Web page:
Project Management
Apr 26, 2024

The Job of an Architect

An architect is often seen as someone who draws nice pictures of buildings. While presentation is a big part, it’s just...

An architect is often seen as someone who draws nice pictures of buildings. While presentation is a big part, it’s just the tip of the iceberg that they have to tackle daily.

Beyond aesthetics, architects blend drawn and written data into intricate diagrams that detail a complex and layered decision-making process. It takes experience, training, knowledge, and contacts to lead a design from start to finish. Although each project is different, there is a structured design process the majority follow.


To start off, the architect evaluates the site with all its opportunities and constraints. They will gather information from you—the client—from your lifestyle aspirations to budgetary considerations. All this gets transformed into a project brief which will be your road map through completion.

There may be some hurdles that you need to jump through in terms of legislation—such as planning regulations, covenants etc. At this stage though you would also bring in people like structural engineers and party wall surveyors to help you out along the way.

With all this new information considered together, an architect can begin their initial drawing work which will show massing and styling concepts. This goes through many options and iterations with collaboration between you, the architect, and everyone else on your team to get it right.


As drawings become more refined they will evolve into something suitable for statutory scrutiny (planning). 

You’ll be surprised how much back-and-forth there usually is here—especially for projects pushing boundaries. Architects often lead these negotiations with local planning authorities while advising on the best approach.

Once you are past planning then other statutory matters become resolvable by simply making sure everything conforms properly which is still easier said than done.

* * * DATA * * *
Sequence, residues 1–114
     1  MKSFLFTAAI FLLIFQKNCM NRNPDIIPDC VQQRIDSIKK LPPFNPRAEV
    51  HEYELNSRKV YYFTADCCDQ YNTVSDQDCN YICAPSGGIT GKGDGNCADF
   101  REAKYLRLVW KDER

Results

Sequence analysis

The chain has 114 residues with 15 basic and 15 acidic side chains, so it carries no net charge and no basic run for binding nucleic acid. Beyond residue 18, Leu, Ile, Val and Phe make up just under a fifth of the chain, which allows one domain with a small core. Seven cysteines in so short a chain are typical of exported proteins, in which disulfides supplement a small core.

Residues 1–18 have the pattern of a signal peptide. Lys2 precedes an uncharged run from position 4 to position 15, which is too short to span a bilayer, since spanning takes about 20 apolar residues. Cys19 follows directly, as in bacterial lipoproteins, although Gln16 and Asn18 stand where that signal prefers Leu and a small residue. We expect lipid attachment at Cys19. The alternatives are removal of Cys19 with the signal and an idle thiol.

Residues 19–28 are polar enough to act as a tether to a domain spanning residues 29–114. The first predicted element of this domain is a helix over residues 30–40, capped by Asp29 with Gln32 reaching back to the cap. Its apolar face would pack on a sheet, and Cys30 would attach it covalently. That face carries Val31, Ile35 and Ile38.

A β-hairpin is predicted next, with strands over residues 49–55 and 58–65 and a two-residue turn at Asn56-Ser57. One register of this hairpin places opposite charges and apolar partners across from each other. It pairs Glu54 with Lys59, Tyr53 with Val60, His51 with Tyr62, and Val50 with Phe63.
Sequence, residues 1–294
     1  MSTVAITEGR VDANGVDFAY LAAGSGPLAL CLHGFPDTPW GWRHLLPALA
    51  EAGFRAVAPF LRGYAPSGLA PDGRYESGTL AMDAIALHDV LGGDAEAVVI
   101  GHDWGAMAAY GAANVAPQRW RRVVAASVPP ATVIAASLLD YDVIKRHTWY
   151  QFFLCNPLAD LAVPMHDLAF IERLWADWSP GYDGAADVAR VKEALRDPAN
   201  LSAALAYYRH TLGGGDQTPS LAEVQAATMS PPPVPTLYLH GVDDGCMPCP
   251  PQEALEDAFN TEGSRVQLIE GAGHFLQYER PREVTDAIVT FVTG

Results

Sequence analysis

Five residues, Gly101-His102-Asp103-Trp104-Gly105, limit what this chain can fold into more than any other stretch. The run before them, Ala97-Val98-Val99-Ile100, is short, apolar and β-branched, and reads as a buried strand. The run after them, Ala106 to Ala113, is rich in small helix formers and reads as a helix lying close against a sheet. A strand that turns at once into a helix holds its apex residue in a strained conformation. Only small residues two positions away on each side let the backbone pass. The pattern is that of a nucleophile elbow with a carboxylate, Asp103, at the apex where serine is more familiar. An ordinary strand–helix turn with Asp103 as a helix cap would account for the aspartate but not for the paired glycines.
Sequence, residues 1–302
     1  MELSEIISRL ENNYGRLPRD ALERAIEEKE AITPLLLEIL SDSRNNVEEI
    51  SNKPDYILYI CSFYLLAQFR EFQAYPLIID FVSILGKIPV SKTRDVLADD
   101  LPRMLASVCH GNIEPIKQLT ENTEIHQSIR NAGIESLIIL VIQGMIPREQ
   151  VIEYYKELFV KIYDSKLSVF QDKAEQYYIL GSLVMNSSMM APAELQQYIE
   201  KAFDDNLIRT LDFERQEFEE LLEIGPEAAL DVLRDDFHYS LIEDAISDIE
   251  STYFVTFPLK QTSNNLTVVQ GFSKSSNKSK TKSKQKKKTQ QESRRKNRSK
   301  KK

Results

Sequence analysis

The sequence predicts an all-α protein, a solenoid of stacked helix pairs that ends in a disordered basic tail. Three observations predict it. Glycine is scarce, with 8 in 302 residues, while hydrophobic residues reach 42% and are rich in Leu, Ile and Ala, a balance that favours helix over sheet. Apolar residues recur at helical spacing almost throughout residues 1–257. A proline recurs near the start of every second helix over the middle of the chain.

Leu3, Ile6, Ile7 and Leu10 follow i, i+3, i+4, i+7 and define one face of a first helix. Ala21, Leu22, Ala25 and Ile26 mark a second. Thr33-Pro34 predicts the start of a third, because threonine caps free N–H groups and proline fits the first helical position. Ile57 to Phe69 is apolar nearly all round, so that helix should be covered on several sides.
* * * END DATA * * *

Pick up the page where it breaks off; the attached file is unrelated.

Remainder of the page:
Construction drawings go in-depth on details including quantities and specifications. These form the tender documents for contractors to quote for.


The moment construction starts the role of architect remains the same—oversee and address on-site challenges while maintaining design intent. The process should be relatively straightforward with frequent site visits and coordination with contractors, surveyors and contractors.


Quality control becomes key for architects right up until the project is completed. They monitor works to ensure they meet standards while reviewing materials, construction methods, and workmanship.

Problem Solving

No matter how much planning there is, there will always be unexpected issues that crop up. When these occur your project team work together to solve them creatively. The surveyor can definitely help with this by drawing from project management experience.

Project Administration

Your project management team should help manage contracts, process payments, communicate updates to you and so forth particularly as the final stages of construction come to a close. The architect and surveyor continue making sure every regulation is met, all contractual requirements have been fulfilled, and designs match the build. 

The process of handing over control is made easier by addressing any remaining issues altogether. Before stepping away for good the architect provides their client with all the relevant paperwork they might need for future reference.

The artistic aspect of architecture that most people associate it with makes sense. Contrary to what people believe though this job requires more than just an imagination. From concept to completion architects have to work with the surveyor in every aspect of project management which you can find out more about by contacting us.